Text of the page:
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Migrant Women on the Labour Market: On the Role of Home- and Host-Country Participation

Author

Listed:
  • Kok, Suzanne

    () (CPB Netherlands Bureau for Economic Policy Analysis)

  • Bosch, Nicole

    () (CPB Netherlands Bureau for Economic Policy Analysis)

  • Deelen, Anja

    () (CPB Netherlands Bureau for Economic Policy Analysis)

  • Euwals, Rob

    () (CPB Netherlands Bureau for Economic Policy Analysis)

Abstract

The behaviour of migrant women on the labour market is influenced by a variety of factors, among which the culture of the home and host country. Part of the literature investigates the role of home-country culture. This study extends the literature by including a measure for the influence of host-country culture as an additional determinant of the participation of migrant women. The empirical model explains participation from demographics and educational attainment, and uses home- and host-country female participation as proxies for culture. Evidence on the basis of the Dutch Labour Force Survey 1996-2007 suggests that both differences in home-country female participation and the trend in native female participation, as a measure for host-country culture, affect the participation of migrant women. The results suggest that host-country participation is at least as important as home-country participation.

Suggested Citation

  • Kok, Suzanne & Bosch, Nicole & Deelen, Anja & Euwals, Rob, 2011. "Migrant Women on the Labour Market: On the Role of Home- and Host-Country Participation," IZA Discussion Papers 5817, Institute for the Study of Labor (IZA).
  • Handle: RePEc:iza:izadps:dp5817
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    References listed on IDEAS

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    1. Kapteyn, Arie & Alessie, Rob & Lusardi, Annamaria, 2005. "Explaining the wealth holdings of different cohorts: Productivity growth and Social Security," European Economic Review, Elsevier, vol. 49(5), pages 1361-1391, July.
    2. Nicole Bosch & Anja Deelen & Rob Euwals, 2010. "Is Part-time Employment Here to Stay? Working Hours of Dutch Women over Successive Generations," LABOUR, CEIS, vol. 24(1), pages 35-54, March.
    3. Raquel Fernandez, 2007. "Culture as Learning: The Evolution of Female Labor Force Participation over a Century," NBER Working Papers 13373, National Bureau of Economic Research, Inc.
    4. Raquel Fernández, 2010. "Does Culture Matter?," NBER Working Papers 16277, National Bureau of Economic Research, Inc.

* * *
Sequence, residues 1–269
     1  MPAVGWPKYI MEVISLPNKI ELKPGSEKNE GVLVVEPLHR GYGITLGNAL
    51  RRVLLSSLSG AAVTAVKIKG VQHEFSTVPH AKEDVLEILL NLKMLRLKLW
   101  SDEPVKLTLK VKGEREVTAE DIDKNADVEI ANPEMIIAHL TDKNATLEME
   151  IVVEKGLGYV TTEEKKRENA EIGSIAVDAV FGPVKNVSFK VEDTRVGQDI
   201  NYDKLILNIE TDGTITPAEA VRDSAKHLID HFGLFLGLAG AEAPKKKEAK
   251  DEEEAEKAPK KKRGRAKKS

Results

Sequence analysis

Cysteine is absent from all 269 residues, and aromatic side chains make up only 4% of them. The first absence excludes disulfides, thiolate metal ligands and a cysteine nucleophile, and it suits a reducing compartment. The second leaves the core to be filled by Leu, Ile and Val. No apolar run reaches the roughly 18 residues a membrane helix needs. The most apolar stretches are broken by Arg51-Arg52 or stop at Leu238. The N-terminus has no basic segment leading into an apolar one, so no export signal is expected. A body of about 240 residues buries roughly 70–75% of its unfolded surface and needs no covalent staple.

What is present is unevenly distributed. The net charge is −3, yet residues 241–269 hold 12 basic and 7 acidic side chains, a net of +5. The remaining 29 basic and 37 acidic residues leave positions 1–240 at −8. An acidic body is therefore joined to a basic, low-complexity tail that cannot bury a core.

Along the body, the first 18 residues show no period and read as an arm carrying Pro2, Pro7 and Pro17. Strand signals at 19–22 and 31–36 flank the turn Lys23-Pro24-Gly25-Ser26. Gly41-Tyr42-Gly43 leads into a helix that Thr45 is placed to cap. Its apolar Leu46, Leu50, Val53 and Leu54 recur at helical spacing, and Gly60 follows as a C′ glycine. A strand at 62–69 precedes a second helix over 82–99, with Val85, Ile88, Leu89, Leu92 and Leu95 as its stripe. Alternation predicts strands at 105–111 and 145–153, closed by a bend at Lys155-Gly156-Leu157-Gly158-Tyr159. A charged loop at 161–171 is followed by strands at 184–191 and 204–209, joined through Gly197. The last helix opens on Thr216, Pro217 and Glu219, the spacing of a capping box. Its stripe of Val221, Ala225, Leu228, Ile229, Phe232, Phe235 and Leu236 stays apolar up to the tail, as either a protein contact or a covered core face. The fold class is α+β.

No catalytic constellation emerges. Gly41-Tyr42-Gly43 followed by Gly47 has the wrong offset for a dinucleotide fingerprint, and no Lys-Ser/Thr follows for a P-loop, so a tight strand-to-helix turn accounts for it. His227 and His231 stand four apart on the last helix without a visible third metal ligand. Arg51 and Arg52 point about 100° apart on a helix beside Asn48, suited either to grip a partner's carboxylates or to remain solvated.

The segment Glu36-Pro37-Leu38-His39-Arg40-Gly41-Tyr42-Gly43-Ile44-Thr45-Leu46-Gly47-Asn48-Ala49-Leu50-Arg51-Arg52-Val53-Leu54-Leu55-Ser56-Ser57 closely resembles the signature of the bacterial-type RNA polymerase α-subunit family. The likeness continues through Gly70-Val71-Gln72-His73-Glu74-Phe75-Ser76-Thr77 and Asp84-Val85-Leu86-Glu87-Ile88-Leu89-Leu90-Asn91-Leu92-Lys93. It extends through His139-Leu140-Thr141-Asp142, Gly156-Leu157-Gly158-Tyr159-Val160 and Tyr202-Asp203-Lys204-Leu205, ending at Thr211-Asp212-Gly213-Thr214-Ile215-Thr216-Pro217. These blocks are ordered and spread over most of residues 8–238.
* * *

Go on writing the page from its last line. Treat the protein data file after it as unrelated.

5. Alessandra Fogli & Raquel Fernandez, 2009. "Culture: An Empirical Investigation of Beliefs, Work, and Fertility," American Economic Journal: Macroeconomics, American Economic Association, vol. 1(1), pages 146-177, January.
    6. Rob Euwals & Marike Knoef & Daniel Vuuren, 2011. "The trend in female labour force participation: what can be expected for the future?," Empirical Economics, Springer, vol. 40(3), pages 729-753, May.
    7. Alessandra Fogli & Laura Veldkamp, 2011. "Nature or Nurture? Learning and the Geography of Female Labor Force Participation," Econometrica, Econometric Society, vol. 79(4), pages 1103-1138, July.
    8. Fernández, Raquel, 2010. "Does Culture Matter?," IZA Discussion Papers 5122, Institute for the Study of Labor (IZA).
    9. Fernández, Raquel, 2010. "Does Culture Matter?," CEPR Discussion Papers 7965, C.E.P.R. Discussion Papers.
    10. Antecol, Heather, 2000. "An examination of cross-country differences in the gender gap in labor force participation rates," Labour Economics, Elsevier, vol. 7(4), pages 409-426, July.
    11. Raquel Fernández & Alessandra Fogli & Claudia Olivetti, 2004. "Mothers and Sons: Preference Formation and Female Labor Force Dynamics," The Quarterly Journal of Economics, Oxford University Press, vol. 119(4), pages 1249-1299.
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    Cited by:

    1. Marike Knoef & Jan C. van Ours, 2016. "How to stimulate single mothers on welfare to find a job: evidence from a policy experiment," Journal of Population Economics, Springer;European Society for Population Economics, vol. 29(4), pages 1025-1061, October.
    2. Anneke Kosse & David-Jan Jansen, 2011. "Choosing how to pay: the influence of home country habits," DNB Working Papers 328, Netherlands Central Bank, Research Department.

    More about this item

    Keywords

    female labour force participation; immigration; cultural transmission;

    JEL classification:

    • J16 - Labor and Demographic Economics - - Demographic Economics - - - Economics of Gender; Non-labor Discrimination
    • J22 - Labor and Demographic Economics - - Demand and Supply of Labor - - - Time Allocation and Labor Supply
    • J61 - Labor and Demographic Economics - - Mobility, Unemployment, Vacancies, and Immigrant Workers - - - Geographic Labor Mobility; Immigrant Workers

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